February Reserve News

February Work Day

  We had a really successful work day on Monday 12th with 14 pairs of hands helping out. On this day and also the the 8th January we were pleased to be joined by teams from LM (a joint venture formed between Laing O’Rourke and J Murphy & Sons Ltd) to carry out the HS2 Enabling Works North contract. They set aside days every year to volunteer on community projects and we were glad to have them on board. With their help we completed all of the jobs on the list below. Jobs included;

• Putting up Willow Tit log nest boxes • Nest box cleaning • Removing fallen trees off paths • Continuing the coppicing program • Screening bunds at New Bay.

 The Willow Tits were a priority. So we’ve strapped dead stumps to trees to increase the available nesting opportunities and coppiced the area behind Rudd Pool which hasn’t been done for several years and is known to be attractive to Willow Tits.

 Some unfortunate souls had the privilege of mucking out the owl and other nest boxes, ready for the new season. Additionally several new owl boxes have been put up around the reserve and Kevin Whiston made use of the kindly donated(?) box left in the car park and put it to good use as a potential Mandarin Duck box. Let’s hope they find one of the two options to their liking.

 All of the brash from the coppicing wasn’t wasted. Stacked on to trucks and trailers if made it’s way round to New Bay and we began to improve the screening around the newly created bund. It has really made a difference, the birds didn’t move yesterday as I walked past. There is still some left to do but it’s a vast improvement and will mean the birds can feed in peace.

 It wasn’t all plain sailing though, the tractor got stuck! It had to be saved by a much bigger tractor. Always stick to the paths when birding otherwise this might happen to you. ( NOTE: The culprit’s face has been blurred to protect his identity).

Oops

Oops

February WeBS Count (Sunday 19th)

 Numbers were down but variety was good. The Great White Egret spent a few hours fishing in the afternoon on Main Pool and New Bay and then briefly at B Pool scrapes. With the Great Crested Grebes back – 2 at Whitacre Pool, 1 on Main and 1 on B Pools – it was beginning to feel spring-like. I managed to find some otter prints along the river bank (photograph below), they really are very active at the moment.

Species List;

Mute Swan 10, Canada Goose 9, Shelduck 3, Mallard 171, Gadwall 124, Shoveler 43, Wigeon 71, Teal 135, Tufted Duck 60, Goosander 4, Little Grebe 10, Great Crested Grebe 4, Cormorant 110, Little Egret 1, Great White Egret 1, Grey Heron 3, Water Rail 1, Moorhen 37, Coot 49, Lapwing 58, Black-headed Gull 27, Lesser Black-backed Gull 4.

Otter footprints

Otter footprints

 More updates this week too of Otters On Film. Firstly a rare glimpse of an otter in daylight, out and about on a freezing, snow-dusted morning plus a couple frolicking in front of the camera and really putting on a show. The Ladywalk Youtube channel is constantly being updated, click here for videos.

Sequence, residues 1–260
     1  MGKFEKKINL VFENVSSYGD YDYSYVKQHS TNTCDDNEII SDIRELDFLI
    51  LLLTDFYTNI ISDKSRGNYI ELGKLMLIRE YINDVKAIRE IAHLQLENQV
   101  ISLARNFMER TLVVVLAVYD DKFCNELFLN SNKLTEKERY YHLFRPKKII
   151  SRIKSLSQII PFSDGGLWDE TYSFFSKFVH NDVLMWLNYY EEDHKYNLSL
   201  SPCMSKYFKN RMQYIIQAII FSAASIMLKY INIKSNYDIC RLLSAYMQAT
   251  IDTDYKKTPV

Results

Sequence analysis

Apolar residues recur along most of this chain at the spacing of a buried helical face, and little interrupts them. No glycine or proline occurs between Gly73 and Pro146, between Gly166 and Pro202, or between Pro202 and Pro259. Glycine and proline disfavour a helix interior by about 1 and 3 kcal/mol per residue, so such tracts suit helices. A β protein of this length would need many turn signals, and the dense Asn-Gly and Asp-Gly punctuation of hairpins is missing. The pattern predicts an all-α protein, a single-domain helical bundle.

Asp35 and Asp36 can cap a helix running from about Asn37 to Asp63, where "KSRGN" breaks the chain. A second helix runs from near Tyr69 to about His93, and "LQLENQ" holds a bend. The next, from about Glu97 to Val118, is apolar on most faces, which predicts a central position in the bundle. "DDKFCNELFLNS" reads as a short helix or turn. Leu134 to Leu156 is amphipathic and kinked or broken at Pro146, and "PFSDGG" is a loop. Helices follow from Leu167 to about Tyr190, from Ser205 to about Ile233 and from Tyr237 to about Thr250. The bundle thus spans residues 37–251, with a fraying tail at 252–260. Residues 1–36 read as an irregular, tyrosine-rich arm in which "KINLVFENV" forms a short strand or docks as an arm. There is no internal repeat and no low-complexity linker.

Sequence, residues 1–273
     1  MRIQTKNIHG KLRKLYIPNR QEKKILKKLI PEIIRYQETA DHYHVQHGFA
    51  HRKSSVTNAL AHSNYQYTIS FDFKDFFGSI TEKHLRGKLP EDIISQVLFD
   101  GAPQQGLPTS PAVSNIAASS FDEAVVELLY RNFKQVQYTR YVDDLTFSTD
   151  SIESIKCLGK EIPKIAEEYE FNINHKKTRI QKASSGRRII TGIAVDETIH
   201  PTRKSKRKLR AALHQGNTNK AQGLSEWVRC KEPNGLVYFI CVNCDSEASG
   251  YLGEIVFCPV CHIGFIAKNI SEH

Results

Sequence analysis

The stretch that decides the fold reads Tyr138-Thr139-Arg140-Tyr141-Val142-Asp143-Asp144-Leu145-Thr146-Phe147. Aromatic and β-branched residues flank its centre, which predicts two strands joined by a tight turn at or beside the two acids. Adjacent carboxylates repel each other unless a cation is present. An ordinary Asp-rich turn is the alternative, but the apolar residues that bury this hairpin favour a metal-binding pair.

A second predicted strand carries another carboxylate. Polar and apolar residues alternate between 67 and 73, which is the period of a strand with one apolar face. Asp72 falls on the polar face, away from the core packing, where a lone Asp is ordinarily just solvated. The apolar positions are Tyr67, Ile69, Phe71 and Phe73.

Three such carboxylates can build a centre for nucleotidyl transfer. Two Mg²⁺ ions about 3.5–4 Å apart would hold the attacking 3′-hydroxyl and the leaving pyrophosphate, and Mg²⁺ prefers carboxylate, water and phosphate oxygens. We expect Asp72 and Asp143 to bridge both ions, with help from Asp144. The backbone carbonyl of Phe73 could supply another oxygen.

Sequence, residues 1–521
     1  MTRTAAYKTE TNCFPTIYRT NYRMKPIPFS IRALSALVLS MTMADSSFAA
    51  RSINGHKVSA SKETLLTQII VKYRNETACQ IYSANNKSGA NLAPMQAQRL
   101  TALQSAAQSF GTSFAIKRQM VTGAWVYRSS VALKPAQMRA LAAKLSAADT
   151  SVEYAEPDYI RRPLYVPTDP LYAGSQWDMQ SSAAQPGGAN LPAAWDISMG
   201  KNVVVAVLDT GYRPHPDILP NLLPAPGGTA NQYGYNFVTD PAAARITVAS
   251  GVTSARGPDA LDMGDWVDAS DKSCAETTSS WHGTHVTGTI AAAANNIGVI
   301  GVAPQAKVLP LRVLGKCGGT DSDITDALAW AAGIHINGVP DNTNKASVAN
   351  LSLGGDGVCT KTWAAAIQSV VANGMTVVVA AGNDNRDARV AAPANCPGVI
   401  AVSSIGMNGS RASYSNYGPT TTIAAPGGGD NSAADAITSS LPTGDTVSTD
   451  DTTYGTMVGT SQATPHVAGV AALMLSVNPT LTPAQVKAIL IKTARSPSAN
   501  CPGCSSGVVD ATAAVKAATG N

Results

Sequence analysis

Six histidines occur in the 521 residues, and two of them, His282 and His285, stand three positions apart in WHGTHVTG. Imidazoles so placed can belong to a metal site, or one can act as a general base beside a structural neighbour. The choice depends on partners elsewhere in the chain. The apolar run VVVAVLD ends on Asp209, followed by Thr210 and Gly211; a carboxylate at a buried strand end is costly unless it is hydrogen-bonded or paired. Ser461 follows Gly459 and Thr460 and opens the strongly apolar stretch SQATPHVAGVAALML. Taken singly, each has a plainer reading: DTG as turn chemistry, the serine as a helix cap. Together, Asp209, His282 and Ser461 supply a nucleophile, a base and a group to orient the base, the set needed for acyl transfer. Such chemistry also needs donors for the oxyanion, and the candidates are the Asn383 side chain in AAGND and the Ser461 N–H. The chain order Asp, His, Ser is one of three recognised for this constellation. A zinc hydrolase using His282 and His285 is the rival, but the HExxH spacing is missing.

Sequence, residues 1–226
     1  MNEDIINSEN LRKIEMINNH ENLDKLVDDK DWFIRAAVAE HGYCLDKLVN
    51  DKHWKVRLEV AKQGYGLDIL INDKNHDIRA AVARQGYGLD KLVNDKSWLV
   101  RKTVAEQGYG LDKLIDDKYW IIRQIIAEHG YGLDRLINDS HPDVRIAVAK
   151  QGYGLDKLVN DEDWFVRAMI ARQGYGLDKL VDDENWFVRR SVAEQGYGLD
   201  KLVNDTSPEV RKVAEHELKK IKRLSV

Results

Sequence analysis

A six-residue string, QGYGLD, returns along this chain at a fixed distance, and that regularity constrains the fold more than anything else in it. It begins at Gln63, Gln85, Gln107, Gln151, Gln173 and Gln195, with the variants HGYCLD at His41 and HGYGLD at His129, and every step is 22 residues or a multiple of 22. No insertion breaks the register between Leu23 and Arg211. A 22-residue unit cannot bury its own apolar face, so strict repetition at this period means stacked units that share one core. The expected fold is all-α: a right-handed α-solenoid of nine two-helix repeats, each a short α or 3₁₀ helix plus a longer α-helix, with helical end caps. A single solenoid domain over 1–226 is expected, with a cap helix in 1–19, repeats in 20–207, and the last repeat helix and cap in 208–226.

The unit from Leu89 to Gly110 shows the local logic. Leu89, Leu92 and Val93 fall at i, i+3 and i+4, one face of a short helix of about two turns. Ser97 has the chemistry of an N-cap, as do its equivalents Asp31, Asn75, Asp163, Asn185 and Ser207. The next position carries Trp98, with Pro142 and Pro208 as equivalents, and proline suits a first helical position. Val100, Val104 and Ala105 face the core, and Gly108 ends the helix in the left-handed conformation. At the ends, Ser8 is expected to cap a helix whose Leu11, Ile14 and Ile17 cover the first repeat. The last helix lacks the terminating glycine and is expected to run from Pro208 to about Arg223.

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Otters On Film

  Exciting news this week, the elusive Otters of Ladywalk have been caught on camera! Brief glimpses of the beasts have been common over the weeks but not until this week and on three separate dates did they perform for the cameras.

  The reserve is being monitored extensively by Anthony Butcher and Elaine Vincent and we are very grateful for all their hard work in increasing our knowledge of our otters and other mammalian species on the reserve. Anthony below gives us more details:

“Whilst doing our trail cam testing across the Ladywalk reserve we have come across the otters at a number of spots. Often just a brief flash as they pass the trail cam. They seem to be coming in off the River Tame on regular visits and there seems to be possibly three individuals, sex not known at this point. We have identified a number of areas where the otters are scenting. Here are a few pics and video clips of one of the areas we have been monitoring”.

  If you are fortunate enough to spot an otter yourself and/or any tracks and signs of otters, please be sure to record it in the logbooks or contact us via the blog or twitter.

The video clips are available to view here on our Youtube channel: Otter Videos

 

January WeBS

 After one of the most miserable weekends I can remember, Ladywalk was unsurprisingly a touch soggy. The Tame was a raging torrent, the water was gushing over the sluice at B and wellies are definitely required around Bittern Hide. The birds were loving it. Lots of lovely new feeding areas to rummage in for the dabblers plus good numbers of Tufted and Pochard (for Ladywalk) due to the high water. It was nice to see that some of the Pintails have returned with 2 males and a female mingling in with the Wigeon on Main Pool. All were a little on edge due to being constantly harassed and dive bombed by the resident pair of Peregrines. Elsewhere, little of note bird wise with only Willow & Marsh Tits around B Hide and c.20 Siskins by the car park.

  A nice surprise whilst pottering at the wood yard was a beautiful two foot long Grass Snake that was warming his belly on the pile of wood ash from the latest fire. Shouldn’t he be hibernating? He looked very content but I thought it best to move him before he got frazzled.

Species List

Mute Swan 7, Canada Goose 35, Canada x Greylag Goose 1, Mallard 223, Gadwall 228, Pintail 3, Shoveler 44, Wigeon 190, Teal 196, Tufted Duck 86, Pochard 8, Goosander 4, Little Grebe 13, Cormorant 43, Little Egret 1, Grey Heron 10, Water Rail 1, Moorhen 27, Coot 41, Lapwing 120, Black-headed Gull 50, Lesser Black-backed Gull 2.